As the May 25 enforcement deadline for the European Union’s General Data Protection Regulation creeps closer, the implications for how companies acquire, use, and retain personally identifiable information for citizens and legal residents of the EU are coming into focus in all segments of the meetings industry. For organizations that share attendee data with their destination management companies, there are new responsibilities and risks. We spoke with Marty MacKay, DMCP, president of Hosts Global, about her efforts to drive GDPR compliance and her guidance on the kinds of conversations clients and DMCs need to have in the GDPR age.
MeetingsNet: What’s at stake for those in our industry surrounding GDPR enforcement?
Marty MacKay: So many aspects of our people-focused business require collecting and sharing personal data. Just think of all the guest information included in airport manifests, tour registrations, restaurant reservations, recreation safety waivers, etc. All of this and more will be impacted by GDPR’s requirements to obtain specific consent from individuals regarding how their data will be collected, managed, and stored or deleted. Half-measures at data control won’t cut it. Fines for GDPR compliance failures can be as high as 4 percent of global annual corporate revenue or 20 million Euros—whichever is greater. Who wants to risk that?
MeetingsNet: What’s most important for planners to understand regarding GDPR compliance when partnering with a DMC?
MacKay: The most important aspect of GDPR compliance is consent. This means up-front consent from event attendees that their personally identifiable information (PII) will be shared with event suppliers, including the DMC and its subcontractors. Based on this, the client/DMC relationship now encompasses the roles of Data Controller (client) and Data Processor (DMC). These new responsibilities require new conversations to ensure we’re on top of our respective data chains.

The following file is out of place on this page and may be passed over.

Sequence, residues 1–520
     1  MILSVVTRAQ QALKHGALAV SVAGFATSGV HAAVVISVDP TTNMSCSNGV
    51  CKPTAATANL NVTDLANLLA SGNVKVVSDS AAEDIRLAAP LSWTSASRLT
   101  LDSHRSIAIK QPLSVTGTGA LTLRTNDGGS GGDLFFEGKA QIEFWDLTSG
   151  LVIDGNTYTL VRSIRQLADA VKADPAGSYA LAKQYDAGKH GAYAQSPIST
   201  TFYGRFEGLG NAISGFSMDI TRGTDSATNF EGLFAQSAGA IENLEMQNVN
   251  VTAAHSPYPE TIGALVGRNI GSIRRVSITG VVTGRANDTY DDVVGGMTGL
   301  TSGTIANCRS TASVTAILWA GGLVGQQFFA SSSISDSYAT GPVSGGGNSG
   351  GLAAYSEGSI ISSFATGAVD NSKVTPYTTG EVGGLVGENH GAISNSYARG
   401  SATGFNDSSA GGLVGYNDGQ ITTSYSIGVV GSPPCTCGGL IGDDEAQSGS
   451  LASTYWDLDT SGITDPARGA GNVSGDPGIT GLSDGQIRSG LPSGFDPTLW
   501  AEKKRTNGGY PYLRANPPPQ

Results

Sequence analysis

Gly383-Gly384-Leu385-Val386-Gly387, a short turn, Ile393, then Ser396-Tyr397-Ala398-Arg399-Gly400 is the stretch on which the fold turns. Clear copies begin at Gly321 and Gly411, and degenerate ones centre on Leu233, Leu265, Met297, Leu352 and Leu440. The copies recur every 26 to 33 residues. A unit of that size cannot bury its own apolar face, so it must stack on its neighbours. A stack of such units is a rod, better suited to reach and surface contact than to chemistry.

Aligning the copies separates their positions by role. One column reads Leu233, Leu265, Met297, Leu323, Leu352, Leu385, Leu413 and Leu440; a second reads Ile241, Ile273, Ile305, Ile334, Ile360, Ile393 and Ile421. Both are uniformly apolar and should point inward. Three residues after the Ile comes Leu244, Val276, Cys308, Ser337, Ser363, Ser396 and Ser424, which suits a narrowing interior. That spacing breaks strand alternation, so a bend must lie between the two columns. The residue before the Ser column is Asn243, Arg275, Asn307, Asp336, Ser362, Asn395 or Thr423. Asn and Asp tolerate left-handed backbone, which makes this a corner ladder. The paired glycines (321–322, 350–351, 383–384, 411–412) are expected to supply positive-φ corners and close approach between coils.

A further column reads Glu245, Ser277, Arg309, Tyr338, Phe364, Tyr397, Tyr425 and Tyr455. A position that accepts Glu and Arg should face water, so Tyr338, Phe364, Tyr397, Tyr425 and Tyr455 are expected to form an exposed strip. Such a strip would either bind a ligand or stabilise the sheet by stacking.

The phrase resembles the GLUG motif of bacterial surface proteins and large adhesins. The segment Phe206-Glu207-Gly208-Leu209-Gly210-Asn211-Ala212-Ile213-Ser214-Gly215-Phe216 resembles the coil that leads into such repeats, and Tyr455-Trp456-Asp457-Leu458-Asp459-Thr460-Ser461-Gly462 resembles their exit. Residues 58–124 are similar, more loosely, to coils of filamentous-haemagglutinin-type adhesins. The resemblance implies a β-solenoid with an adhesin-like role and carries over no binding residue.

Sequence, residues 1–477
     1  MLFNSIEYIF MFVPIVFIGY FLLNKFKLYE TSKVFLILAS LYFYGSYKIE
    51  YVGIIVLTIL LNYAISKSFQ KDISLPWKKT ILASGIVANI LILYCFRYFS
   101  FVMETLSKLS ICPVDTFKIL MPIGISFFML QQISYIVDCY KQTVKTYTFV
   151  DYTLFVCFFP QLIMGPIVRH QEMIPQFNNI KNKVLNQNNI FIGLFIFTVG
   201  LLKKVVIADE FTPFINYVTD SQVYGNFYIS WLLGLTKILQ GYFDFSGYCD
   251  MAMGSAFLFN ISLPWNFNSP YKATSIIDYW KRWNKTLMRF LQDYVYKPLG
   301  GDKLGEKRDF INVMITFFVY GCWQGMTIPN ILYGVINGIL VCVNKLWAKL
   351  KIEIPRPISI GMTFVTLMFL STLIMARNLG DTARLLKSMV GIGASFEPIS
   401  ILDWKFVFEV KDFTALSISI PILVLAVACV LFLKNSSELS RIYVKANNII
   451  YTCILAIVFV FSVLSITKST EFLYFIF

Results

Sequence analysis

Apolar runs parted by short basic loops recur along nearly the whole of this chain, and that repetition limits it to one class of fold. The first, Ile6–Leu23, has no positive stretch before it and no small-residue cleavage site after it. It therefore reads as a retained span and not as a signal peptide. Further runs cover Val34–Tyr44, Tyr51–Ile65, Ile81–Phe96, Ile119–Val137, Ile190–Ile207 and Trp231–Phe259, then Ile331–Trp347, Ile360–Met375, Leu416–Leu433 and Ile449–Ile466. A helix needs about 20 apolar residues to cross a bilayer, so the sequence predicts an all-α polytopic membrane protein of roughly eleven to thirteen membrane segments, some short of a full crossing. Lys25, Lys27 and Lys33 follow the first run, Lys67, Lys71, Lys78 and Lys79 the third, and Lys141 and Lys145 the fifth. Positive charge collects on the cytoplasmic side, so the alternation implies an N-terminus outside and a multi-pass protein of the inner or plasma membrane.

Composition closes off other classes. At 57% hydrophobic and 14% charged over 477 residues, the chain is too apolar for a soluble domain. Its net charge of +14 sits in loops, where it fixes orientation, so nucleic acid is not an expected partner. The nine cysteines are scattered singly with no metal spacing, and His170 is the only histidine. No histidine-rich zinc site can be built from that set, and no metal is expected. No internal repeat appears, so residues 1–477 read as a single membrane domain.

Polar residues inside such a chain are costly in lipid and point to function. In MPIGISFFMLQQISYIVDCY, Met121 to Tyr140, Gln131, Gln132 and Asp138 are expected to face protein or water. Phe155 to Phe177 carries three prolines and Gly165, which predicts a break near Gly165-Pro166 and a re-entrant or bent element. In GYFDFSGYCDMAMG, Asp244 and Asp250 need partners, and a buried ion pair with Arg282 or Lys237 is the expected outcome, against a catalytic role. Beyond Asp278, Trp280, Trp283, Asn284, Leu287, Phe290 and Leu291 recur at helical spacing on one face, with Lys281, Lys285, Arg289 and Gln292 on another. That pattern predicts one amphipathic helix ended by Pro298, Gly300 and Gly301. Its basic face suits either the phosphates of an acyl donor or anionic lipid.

When planners work with a DMC, I recommend they ask a few key GDPR questions:
• Do you have standard operating procedures for GDPR-compliant data processing?
• Is your organization trained to identify and close data control gaps?
In return, their DMC should ask the following questions:
• Have you requested consent from your attendees to send us their personal information?
• How will you be sending the data? Is your method secure?
• Are you sending us more data than you have asked consent to send?
• Does that consent include providing the information to our subcontractors?
MeetingsNet: Do you foresee any industry challenges?
MacKay: We all store so much data that we never think about. Confronting legacy data systems, cleaning them up, and managing in new ways is a monumental undertaking. It’s impossible to know the citizenship of each event attendee or identify just EU citizens to ensure GDPR compliance. So absolutely, we should expect challenges. Our company is taking a holistic approach to protecting each individual’s data moving forward, not just Europeans. The temporary hassles of navigating these layers of data processing are far outweighed by the long-term benefits of better data protocols and quality assurance for our clients.
MeetingsNet: Any required actions that planners should be thinking about for programs that run immediately following the GDPR deadline?
MacKay: Many of our clients require registration websites for their events. If you are currently running a “live” registration for an event that occurs after May 25th, double check to make sure you’ve asked for the proper consent from registrants.
Marty MacKay, DMCP, is president of Hosts Global, a worldwide alliance of DMCs, and president of the Association of Destination Management Executives International.